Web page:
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Special Mission to Hunt for Mysterious Space ‘Travellers’ Lurking Under Antarctic Ice Cap

CC0 / / The crack in Antarctica’s Pine Island Glacier
The crack in Antarctica’s Pine Island Glacier  - Sputnik International
Hundreds of meteorites from shattered asteroids bombard Earth every year. Some of them come from small planet-like objects that formed larger planets when our solar system was young, about 4.5 billion years ago. Researchers hope that these remnants could shed light on that time.

The Lost Meteorites of Antarctica expedition from Britain has headed to the ice-capped continent to scan a remote area in search for rare rocks that could give them chemical and physical clues about what it was like when our solar system was young.

The scientific party from the University of Manchester will search for one specific type of space “travellers” consisting of so-called meteoritic iron (which is an iron-nickel alloy). These space rocks are thought to have broken off small planet-like objects that formed larger planets billions of years ago and are considered hard to find, as they make up only 5% of meteorites falling to Earth each year. Their qualities can also be changed due to rain and other natural circumstances.

"This group of meteorites have an intrinsic scientific interest in that they tell us how small bodies formed and evolved in the early part of solar system history — around 4.5 billion years ago", meteoriticist Katherine Joy from the University of Manchester revealed to Fox News.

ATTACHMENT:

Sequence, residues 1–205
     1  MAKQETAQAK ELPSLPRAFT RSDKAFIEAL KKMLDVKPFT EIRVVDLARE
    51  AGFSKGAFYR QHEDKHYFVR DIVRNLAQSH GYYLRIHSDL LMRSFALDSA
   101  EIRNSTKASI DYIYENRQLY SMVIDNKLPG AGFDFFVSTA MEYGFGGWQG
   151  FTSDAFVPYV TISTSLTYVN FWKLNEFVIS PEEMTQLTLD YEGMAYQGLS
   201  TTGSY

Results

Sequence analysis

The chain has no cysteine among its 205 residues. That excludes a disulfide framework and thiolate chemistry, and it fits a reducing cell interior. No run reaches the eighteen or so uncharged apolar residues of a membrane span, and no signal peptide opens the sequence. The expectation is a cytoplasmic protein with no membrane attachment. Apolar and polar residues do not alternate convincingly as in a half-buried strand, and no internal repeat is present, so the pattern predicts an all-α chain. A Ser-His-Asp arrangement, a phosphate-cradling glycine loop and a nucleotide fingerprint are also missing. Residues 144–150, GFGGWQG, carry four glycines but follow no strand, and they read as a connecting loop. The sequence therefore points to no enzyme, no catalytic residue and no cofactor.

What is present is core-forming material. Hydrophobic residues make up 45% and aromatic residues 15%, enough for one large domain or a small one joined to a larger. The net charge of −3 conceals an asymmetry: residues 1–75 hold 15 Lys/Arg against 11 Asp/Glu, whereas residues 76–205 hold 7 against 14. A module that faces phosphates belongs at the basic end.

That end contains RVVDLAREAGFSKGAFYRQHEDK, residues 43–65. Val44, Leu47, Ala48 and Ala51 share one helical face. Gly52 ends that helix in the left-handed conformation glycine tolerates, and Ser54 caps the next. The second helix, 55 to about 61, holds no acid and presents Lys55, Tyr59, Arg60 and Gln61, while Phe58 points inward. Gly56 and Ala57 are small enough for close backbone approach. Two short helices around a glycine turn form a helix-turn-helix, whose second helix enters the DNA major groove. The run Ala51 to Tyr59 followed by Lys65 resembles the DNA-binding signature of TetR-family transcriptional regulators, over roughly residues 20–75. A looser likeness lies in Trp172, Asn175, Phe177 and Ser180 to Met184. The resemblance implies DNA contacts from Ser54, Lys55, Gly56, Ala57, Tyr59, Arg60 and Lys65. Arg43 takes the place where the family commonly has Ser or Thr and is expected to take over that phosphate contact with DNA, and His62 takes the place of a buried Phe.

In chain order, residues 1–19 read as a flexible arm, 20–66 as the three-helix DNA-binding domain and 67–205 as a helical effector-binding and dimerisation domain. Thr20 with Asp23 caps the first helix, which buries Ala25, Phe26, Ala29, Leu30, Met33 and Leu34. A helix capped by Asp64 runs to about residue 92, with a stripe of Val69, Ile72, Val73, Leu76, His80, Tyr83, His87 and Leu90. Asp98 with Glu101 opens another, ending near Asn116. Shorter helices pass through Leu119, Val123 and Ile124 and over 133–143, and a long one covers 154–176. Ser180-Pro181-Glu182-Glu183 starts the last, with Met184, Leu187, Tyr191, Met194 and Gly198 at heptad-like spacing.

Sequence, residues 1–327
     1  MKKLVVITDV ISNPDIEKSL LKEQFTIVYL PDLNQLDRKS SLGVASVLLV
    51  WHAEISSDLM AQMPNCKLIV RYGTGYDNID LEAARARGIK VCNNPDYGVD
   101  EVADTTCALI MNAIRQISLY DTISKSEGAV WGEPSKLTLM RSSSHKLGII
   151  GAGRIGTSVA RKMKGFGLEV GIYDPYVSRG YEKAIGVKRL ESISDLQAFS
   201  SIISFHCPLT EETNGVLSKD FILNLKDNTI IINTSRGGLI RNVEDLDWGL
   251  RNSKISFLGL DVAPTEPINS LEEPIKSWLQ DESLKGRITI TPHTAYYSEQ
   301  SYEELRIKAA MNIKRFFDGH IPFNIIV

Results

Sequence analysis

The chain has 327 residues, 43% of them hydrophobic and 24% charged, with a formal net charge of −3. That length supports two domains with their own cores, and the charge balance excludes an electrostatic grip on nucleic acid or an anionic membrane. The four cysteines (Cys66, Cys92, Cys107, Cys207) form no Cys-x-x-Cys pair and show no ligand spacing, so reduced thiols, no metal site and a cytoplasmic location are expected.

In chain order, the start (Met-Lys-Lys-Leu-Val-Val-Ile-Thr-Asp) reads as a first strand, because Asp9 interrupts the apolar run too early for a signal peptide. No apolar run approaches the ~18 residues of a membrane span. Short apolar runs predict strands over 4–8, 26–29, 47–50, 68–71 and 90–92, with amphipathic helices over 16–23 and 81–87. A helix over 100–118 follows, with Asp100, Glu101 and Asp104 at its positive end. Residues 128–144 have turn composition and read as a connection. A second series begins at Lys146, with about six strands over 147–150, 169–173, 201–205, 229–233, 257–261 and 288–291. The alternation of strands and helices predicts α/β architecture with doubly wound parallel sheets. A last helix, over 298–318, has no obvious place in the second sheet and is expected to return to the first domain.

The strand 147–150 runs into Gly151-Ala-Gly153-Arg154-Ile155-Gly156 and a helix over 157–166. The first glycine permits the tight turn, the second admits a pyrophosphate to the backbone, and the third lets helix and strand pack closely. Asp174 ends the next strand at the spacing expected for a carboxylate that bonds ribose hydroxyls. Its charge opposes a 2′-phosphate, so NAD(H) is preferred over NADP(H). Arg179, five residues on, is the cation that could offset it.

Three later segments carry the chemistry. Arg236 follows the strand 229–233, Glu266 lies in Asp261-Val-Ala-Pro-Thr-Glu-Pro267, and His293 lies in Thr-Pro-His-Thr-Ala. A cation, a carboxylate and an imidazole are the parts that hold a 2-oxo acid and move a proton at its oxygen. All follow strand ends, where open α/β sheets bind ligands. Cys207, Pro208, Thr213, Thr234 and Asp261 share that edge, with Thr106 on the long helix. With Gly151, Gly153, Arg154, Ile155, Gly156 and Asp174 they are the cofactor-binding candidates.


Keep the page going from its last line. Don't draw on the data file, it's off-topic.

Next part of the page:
However, this is no easy task, as meteorites are rarely discovered in Antarctica. As the researchers suggest, this can be explained by the high temperatures of these meteorites, which makes it easy for them to go through the ice. Metal detectors are hoped will do the trick and help overcome this difficulty.

"We have hypothesised that these iron meteorites are lying just underneath the surface of the ice out of sight. Hopefully, we can find some this season by using a metal-detector based approach", mathematician Geoff Evatt from the University of Manchester, who headed to Antarctica with the expedition, told Live Science.

However, this would not be an ordinary metal detector like those often seen on beaches around the world. Snowmobiles are set to tow two specially designed wide-array devices with five-metre-wide detectors. They are launching their search operation near the Shackleton Range of mountains, southeast of the Weddell Sea – in an area that is 750 km from the nearest base.

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